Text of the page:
The telltale face: Possible mechanisms behind defector and cooperator recognition revealed by emotional facial expression metrics

Zsófia Kovács-Bálint, T. Bereczkei, I. Hernádi

Research output: Contribution to journalArticle

13 Citations (Scopus)

Abstract

In this study, we investigated the role of facial cues in cooperator and defector recognition. First, a face image database was constructed from pairs of full face portraits of target subjects taken at the moment of decision-making in a prisoner's dilemma game (PDG) and in a preceding neutral task. Image pairs with no deficiencies (n = 67) were standardized for orientation and luminance. Then, confidence in defector and cooperator recognition was tested with image rating in a different group of lay judges (n = 62). Results indicate that (1) defectors were better recognized (58% vs. 47%), (2) they looked different from cooperators (p <.01), (3) males but not females evaluated the images with a relative bias towards the cooperator category (p <.01), and (4) females were more confident in detecting defectors (p <.05). According to facial microexpression analysis, defection was strongly linked with depressed lower lips and less opened eyes. Significant correlation was found between the intensity of micromimics and the rating of images in the cooperator-defector dimension. In summary, facial expressions can be considered as reliable indicators of momentary social dispositions in the PDG. Females may exhibit an evolutionary-based overestimation bias to detecting social visual cues of the defector face.

Original languageEnglish
Pages (from-to)563-576
Number of pages14
JournalBritish Journal of Psychology
Volume104
Issue number4
DOIs
Publication statusPublished - Nov 2013

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Facial Expression
Cues
Lip
Decision Making
Databases
Recognition (Psychology)
Emotion
Prisoner Dilemma
Prisoners' Dilemma
Rating

ASJC Scopus subject areas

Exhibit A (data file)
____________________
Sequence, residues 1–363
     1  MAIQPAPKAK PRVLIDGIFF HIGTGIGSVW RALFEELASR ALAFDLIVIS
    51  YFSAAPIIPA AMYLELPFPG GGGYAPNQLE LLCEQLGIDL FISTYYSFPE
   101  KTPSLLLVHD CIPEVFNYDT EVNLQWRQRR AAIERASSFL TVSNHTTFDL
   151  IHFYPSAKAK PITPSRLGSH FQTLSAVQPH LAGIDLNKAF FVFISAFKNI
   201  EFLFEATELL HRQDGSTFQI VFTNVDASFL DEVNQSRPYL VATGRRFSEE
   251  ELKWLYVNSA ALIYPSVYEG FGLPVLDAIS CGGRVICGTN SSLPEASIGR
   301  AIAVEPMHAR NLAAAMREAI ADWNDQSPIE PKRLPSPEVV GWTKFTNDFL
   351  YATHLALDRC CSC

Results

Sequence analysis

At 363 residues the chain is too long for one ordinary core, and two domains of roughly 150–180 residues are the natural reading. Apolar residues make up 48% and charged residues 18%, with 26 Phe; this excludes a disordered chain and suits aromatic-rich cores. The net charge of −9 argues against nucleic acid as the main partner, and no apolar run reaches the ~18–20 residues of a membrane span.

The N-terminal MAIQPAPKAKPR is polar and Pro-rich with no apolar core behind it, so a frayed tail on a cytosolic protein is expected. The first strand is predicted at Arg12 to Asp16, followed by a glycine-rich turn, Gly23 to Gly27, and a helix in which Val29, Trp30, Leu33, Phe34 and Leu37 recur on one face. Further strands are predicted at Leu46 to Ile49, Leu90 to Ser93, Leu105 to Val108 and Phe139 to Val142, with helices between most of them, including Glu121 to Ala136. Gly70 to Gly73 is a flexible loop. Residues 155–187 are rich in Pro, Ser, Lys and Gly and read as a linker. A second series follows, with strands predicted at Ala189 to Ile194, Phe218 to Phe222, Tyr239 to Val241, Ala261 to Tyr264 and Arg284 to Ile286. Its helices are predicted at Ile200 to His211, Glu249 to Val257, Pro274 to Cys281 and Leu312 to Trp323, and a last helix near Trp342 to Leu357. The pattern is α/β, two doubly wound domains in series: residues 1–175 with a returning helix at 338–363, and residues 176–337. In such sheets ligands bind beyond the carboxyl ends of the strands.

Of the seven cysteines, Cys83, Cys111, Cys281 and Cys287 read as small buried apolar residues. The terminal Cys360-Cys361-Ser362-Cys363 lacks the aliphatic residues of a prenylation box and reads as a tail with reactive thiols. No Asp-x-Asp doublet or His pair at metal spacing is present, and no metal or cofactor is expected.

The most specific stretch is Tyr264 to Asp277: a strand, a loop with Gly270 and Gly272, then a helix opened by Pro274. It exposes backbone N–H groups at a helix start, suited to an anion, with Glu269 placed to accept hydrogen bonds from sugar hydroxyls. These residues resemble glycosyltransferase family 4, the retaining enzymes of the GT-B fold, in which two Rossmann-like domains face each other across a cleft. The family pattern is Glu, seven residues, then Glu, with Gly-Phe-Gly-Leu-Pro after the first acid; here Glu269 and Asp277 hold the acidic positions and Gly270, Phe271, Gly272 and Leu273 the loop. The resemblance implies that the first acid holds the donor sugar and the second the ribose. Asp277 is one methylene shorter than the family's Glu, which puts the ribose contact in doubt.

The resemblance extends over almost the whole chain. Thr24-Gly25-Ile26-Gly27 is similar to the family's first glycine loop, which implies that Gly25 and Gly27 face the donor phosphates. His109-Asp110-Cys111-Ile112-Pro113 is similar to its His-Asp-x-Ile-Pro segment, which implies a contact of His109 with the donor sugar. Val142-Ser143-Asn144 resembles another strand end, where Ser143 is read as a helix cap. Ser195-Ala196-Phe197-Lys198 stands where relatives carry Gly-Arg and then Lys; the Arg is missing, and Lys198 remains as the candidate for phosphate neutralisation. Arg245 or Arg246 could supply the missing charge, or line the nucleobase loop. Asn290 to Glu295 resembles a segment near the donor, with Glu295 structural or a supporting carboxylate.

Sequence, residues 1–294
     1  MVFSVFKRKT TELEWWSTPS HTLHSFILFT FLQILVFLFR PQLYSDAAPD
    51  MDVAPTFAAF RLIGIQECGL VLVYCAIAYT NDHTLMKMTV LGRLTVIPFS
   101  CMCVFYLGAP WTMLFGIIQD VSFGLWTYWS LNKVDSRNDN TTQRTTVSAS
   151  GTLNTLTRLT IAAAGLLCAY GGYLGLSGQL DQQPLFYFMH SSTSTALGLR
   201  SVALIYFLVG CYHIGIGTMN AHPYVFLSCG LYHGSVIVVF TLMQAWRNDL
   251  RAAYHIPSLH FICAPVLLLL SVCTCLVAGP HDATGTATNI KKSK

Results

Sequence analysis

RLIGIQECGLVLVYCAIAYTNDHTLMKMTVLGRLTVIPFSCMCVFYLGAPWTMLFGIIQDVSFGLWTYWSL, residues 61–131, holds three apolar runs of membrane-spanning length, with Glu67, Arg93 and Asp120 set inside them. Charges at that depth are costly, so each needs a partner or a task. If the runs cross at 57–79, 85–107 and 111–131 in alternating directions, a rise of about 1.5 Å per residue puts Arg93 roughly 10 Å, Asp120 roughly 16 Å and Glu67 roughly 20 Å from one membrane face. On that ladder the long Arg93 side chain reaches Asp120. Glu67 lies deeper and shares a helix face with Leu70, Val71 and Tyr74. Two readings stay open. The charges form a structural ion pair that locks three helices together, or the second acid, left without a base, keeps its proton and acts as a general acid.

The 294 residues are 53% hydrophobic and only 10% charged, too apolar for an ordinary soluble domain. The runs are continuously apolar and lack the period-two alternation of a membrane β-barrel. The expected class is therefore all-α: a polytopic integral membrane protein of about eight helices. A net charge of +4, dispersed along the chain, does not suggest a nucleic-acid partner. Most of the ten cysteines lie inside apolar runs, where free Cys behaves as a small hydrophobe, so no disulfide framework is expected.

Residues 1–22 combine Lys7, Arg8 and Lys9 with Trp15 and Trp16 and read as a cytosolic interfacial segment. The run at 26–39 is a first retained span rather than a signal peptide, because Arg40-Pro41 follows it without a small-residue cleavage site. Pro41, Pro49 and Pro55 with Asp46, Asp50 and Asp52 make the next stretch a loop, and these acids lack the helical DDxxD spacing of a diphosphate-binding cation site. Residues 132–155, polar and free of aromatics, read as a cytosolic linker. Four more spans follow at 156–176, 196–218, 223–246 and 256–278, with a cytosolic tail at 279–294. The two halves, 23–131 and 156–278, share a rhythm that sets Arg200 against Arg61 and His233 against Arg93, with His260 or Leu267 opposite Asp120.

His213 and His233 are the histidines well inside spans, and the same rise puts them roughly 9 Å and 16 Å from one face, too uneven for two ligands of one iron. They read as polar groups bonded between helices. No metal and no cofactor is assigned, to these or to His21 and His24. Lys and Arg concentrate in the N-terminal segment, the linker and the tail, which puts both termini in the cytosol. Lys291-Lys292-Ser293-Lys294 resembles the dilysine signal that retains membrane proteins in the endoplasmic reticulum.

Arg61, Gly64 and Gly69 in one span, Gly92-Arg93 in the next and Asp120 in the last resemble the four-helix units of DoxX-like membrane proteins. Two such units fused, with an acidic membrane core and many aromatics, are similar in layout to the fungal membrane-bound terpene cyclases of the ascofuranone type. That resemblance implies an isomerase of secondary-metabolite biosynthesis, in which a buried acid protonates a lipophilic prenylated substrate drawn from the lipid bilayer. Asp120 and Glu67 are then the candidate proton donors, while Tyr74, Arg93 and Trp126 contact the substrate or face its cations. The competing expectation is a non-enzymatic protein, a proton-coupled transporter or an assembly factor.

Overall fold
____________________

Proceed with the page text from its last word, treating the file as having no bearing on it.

• Psychology(all)
  • Arts and Humanities (miscellaneous)

Cite this

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abstract = "In this study, we investigated the role of facial cues in cooperator and defector recognition. First, a face image database was constructed from pairs of full face portraits of target subjects taken at the moment of decision-making in a prisoner's dilemma game (PDG) and in a preceding neutral task. Image pairs with no deficiencies (n = 67) were standardized for orientation and luminance. Then, confidence in defector and cooperator recognition was tested with image rating in a different group of lay judges (n = 62). Results indicate that (1) defectors were better recognized (58{\%} vs. 47{\%}), (2) they looked different from cooperators (p <.01), (3) males but not females evaluated the images with a relative bias towards the cooperator category (p <.01), and (4) females were more confident in detecting defectors (p <.05). According to facial microexpression analysis, defection was strongly linked with depressed lower lips and less opened eyes. Significant correlation was found between the intensity of micromimics and the rating of images in the cooperator-defector dimension. In summary, facial expressions can be considered as reliable indicators of momentary social dispositions in the PDG. Females may exhibit an evolutionary-based overestimation bias to detecting social visual cues of the defector face.",
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